By GIOVANNA DELL'ORTO
Associated Press Writer
MABLETON, Georgia- "Police! Policia! Open the door!" shouted the Immigration and Customs Enforcement officers, as their loud banging on the door shut up a chorus of crickets on a pine-ringed road in this Atlanta suburb.
They were searching for a man from El Salvador who came legally to this country but was ordered deported after violating repeated drunk driving convictions.
The raid Tuesday instead resulted in the arrest of two brothers from Mexico, who say they came illegally and will likely face criminal prosecution after officers found a handgun and a rifle in the house.
The new Atlanta-based fugitive team is one of seven the immigration enforcement agency is rolling out this week across the U.S. in an effort to show Congress that it is time to focus more on legal immigration because officers are already going after those here illegally.
"If there was a way for individuals coming just to work to come out of the shadows, we could focus on those who don't want to come out and are a threat to national security and public safety," Assistant Secretary for Homeland Security Julie Myers, who's in charge of ICE, told The Associated Press.
Combined with thousands of National Guard troops at the U.S.-Mexican border and dramatic increases in the number of bed space at detention centers to reduce "catch-and-release" cases, the teams fit President George W. Bush's pledge to beef up enforcement.
They are also changing the odds for illegal immigrants who until recently ran virtually no risk of being caught after they established themselves in communities far from the border.
"Once people got here, they knew it was OK," said Charles Kuck, the vice president of the American Immigration Lawyers Association. "If (enforcement) had had this power and money for the last 10 years, we'd have a comprehensive immigration system now."
While the backlog of "fugitives" - immigrants still here after their final deportation orders - is more than half a million strong, the teams are beginning to change the perception that those orders were somehow optional.
The first highly trained, often-bilingual teams were created in 2003 and will more than triple to 52 this year, including new teams in Houston and Raleigh, North Carolina. The officers now make about 1,000 arrests each week, said ICE spokesman Marc Raimondi.
In 2003, officers arrested only 4,000 people. This year, they are up to 20,121, of which about a fifth have criminal records and 5,700 were not the target of an investigation but were found during raids, according to ICE figures.
The raids are based on detection and surveillance of those immigrants ordered deported by a judge either because they had criminal convictions or they violated their visas.
"These are individuals who had their day in court," said Larry Orton, the supervisor for a new Atlanta-based team, as he waited at dawn Tuesday for a man from Mali ordered deported in 1999 to get dressed and be escorted out of his brick suburban house. "They've had their opportunity."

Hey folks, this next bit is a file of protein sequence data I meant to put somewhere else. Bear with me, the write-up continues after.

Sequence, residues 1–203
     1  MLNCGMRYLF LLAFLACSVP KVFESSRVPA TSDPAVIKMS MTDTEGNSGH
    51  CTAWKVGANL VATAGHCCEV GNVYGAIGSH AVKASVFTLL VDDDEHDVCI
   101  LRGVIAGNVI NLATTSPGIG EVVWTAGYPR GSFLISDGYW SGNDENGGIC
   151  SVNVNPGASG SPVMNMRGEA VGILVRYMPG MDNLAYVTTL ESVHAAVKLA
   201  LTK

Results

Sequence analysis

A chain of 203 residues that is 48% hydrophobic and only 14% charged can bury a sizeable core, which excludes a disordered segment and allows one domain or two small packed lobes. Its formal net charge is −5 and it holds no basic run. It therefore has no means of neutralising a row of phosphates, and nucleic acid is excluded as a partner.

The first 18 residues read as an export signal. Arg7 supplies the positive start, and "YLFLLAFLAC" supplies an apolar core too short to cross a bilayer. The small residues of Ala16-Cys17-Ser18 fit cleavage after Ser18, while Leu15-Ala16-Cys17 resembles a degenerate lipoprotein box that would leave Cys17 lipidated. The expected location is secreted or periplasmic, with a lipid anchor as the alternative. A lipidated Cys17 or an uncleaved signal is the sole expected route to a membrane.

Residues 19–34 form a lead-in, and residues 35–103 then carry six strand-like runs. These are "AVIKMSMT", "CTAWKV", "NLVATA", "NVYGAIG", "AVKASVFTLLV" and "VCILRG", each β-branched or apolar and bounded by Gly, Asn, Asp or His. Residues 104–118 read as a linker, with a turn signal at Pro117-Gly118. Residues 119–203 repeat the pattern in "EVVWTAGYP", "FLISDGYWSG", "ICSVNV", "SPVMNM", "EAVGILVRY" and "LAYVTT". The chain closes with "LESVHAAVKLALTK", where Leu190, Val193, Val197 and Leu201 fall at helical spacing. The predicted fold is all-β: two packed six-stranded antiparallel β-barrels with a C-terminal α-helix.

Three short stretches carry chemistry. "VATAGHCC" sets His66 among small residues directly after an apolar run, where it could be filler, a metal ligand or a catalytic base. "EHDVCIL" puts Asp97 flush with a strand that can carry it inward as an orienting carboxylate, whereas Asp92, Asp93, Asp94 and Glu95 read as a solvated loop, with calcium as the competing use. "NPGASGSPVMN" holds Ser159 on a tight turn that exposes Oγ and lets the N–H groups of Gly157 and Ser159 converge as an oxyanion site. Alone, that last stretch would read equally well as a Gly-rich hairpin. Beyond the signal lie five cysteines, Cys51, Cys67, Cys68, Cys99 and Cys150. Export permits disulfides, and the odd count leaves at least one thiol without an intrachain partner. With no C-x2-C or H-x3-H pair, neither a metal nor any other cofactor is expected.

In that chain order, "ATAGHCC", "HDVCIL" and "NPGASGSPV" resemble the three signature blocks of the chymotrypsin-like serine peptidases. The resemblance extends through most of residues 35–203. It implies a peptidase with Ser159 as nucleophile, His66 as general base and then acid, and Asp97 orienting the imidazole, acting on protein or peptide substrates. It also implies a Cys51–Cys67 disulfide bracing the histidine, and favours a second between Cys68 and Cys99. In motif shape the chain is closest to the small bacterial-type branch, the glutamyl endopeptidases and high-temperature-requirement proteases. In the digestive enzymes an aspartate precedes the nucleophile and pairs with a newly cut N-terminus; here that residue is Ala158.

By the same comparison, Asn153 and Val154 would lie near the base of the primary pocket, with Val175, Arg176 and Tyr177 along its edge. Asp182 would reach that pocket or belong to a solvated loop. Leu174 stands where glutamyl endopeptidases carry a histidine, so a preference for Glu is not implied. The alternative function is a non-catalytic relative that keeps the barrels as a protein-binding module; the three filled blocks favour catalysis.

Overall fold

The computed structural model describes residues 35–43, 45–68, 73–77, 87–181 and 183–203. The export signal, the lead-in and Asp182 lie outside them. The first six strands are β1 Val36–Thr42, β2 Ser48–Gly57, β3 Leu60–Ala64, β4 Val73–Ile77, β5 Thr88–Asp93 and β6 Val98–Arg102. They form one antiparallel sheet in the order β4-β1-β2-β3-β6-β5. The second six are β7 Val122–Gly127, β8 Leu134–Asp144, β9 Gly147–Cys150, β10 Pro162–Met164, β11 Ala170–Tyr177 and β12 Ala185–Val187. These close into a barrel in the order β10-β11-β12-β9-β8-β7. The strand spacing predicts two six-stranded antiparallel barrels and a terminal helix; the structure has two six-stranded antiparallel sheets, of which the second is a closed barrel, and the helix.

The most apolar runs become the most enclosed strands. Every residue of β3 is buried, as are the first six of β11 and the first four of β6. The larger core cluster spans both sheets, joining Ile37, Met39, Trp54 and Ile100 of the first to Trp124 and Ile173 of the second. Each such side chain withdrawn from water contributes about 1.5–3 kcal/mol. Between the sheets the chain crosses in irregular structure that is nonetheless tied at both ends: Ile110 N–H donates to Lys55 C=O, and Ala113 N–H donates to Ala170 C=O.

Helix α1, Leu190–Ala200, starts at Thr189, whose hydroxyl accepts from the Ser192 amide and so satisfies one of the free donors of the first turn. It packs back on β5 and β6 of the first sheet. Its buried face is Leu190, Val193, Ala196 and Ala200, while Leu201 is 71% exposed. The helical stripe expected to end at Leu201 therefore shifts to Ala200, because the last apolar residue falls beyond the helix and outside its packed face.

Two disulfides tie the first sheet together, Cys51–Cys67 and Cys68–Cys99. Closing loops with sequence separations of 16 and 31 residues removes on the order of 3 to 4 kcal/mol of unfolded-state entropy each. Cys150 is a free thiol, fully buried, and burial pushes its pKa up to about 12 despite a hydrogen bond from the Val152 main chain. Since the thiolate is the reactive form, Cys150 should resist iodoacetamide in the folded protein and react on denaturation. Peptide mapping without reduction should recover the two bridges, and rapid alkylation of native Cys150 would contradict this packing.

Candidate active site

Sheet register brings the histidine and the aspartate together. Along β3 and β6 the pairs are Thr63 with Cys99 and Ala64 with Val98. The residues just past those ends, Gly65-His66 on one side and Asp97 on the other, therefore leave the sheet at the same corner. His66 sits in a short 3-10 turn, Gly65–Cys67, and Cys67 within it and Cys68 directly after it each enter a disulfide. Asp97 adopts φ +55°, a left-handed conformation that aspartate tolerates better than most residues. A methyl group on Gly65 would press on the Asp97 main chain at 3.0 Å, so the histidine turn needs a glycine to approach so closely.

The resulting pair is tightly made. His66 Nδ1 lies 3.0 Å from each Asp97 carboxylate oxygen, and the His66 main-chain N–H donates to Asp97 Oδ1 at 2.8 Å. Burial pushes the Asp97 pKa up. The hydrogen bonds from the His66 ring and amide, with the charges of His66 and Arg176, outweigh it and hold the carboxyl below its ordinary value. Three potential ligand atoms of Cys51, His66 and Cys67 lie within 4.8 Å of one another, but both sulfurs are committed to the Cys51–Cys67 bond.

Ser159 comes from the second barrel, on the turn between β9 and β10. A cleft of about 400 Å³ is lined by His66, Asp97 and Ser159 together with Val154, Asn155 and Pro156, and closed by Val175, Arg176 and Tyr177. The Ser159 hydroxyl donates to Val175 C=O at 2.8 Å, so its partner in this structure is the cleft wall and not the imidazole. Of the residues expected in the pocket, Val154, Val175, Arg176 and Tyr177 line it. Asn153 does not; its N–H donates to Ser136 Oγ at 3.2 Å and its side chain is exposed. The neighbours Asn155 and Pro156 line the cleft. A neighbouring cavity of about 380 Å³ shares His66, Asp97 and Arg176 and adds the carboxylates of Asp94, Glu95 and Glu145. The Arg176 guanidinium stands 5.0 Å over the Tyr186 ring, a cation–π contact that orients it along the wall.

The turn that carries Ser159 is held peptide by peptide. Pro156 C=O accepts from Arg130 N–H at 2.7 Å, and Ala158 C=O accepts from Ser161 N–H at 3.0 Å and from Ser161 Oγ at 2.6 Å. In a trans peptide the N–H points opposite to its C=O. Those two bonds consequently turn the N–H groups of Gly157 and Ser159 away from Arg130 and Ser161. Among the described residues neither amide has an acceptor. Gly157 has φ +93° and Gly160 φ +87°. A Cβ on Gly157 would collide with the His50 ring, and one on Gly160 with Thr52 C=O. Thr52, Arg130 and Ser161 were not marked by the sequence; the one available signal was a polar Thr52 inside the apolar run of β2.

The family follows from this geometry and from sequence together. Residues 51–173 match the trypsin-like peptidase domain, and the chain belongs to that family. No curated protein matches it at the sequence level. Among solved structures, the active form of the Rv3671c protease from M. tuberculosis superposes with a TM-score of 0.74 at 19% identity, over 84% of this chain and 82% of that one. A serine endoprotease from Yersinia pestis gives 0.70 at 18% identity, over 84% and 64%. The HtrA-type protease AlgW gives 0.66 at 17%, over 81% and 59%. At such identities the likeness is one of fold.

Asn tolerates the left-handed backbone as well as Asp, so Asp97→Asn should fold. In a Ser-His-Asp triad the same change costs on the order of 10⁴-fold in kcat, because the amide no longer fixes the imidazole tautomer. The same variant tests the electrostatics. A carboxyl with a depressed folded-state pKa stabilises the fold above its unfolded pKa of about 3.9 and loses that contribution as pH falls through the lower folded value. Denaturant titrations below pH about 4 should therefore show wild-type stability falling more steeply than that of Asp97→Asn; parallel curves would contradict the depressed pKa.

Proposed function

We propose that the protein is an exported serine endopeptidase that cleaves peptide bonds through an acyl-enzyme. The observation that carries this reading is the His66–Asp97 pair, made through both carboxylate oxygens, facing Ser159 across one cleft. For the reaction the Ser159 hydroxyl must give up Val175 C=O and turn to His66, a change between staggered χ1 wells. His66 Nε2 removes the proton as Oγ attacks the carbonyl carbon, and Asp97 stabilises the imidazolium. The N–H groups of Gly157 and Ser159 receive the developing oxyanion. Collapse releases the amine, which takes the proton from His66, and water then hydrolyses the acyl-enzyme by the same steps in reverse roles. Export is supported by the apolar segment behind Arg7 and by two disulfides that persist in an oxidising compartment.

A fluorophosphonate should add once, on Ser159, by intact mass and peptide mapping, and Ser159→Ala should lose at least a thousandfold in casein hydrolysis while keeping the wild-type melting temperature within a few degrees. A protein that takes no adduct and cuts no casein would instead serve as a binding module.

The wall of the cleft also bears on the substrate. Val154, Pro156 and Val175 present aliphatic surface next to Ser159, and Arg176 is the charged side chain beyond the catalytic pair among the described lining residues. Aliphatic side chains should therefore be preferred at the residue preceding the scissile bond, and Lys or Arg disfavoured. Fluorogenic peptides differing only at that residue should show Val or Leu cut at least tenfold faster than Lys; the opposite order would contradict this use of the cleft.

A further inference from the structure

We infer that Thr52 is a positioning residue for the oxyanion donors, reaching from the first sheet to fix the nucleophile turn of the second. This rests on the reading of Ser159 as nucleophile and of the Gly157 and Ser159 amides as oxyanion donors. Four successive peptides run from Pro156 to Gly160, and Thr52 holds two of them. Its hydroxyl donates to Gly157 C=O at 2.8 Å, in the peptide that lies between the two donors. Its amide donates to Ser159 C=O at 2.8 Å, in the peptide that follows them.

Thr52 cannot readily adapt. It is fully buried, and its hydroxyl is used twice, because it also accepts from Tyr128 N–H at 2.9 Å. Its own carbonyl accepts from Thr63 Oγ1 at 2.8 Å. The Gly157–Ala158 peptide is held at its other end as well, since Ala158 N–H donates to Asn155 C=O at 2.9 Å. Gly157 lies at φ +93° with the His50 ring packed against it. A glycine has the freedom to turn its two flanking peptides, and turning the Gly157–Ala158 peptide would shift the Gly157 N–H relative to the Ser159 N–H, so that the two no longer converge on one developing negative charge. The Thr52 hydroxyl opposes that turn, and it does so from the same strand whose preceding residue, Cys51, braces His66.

The teams focus on fugitives who are threats to their communities, such as convicted drunken drivers and gang members, though they also arrest non-criminals and any other illegal immigrants they find during raids. Most are then deported within a couple weeks.
"Officers physically see the plane taking off," said Raymond Simonse, the chief of the Georgia, North Carolina and South Carolina teams.
Some immigration rights advocates argue that current law makes it harder on enforcement officers because it does not distinguish between dangerous immigrants and those who might have been convicted for minor crimes like shoplifting or might never have gotten their deportation orders.
"They shouldn't waste their time going after busboys, some people are really bad out there," said Benjamin Johnson, director of the Washington-based Immigration Policy Center.
Until the Sept. 11 terrorist attacks, after which the immigration history of some of the hijackers made it urgent to get tough on immigration violations, many immigrants were simply ordered deported "in absentia" since they never showed up in court. Those there in person were told to report to an office to be removed later _ something few did.
"Once a judge issued an order of removal, it was an honor system," said Victor Cerda, former head of detention and removal operations for immigration enforcement. "We're light years ahead. The message is getting out there that it isn't a free ride."
The seven men arrested Tuesday in suburban Atlanta told officers they had no idea why they were being detained, even after some admitted they were in the U.S. illegally. They refused to speak with The Associated Press.
Yet a request by the man from Mali to stay in the U.S. had been denied nine years ago, one of the men who was from Guatemala was caught twice by the Border Patrol in Arizona, and another man, from El Salvador, had failed to renew his temporary protected status since 2005, according to federal records officers obtained after locking them all in a cell.
"If you're illegally in a country, there's always the expectation you could be held accountable one day," Simonse said. "There may be individuals who are seeking to make a better life, and people who recognize they've broken the law."
Immigration and Customs Enforcement: http://www.ice.gov
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